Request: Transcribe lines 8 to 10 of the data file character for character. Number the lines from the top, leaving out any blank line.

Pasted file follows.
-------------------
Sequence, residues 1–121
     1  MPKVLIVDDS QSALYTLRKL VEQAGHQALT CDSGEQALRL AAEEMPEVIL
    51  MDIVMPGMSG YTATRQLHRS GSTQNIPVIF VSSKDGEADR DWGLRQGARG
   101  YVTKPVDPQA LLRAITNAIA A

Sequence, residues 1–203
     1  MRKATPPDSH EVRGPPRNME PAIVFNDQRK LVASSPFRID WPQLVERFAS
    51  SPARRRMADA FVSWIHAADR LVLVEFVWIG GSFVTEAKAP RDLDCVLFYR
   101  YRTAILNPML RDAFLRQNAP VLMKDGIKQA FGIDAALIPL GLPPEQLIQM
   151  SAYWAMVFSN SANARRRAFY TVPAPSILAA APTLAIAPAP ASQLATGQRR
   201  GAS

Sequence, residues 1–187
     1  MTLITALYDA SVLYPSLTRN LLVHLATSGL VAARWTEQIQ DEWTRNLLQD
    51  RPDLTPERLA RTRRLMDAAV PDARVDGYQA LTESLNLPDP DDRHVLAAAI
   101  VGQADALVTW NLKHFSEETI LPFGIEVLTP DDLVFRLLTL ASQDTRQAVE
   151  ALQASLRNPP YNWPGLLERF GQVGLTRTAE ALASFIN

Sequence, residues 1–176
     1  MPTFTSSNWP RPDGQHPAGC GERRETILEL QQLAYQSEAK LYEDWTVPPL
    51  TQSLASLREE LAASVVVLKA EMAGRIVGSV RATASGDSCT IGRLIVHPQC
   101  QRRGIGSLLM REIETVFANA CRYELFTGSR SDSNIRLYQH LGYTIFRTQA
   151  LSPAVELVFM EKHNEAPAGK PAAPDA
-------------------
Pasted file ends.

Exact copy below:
   101  YRTAILNPML RDAFLRQNAP VLMKDGIKQA FGIDAALIPL GLPPEQLIQM
   151  SAYWAMVFSN SANARRRAFY TVPAPSILAA APTLAIAPAP ASQLATGQRR
   201  GAS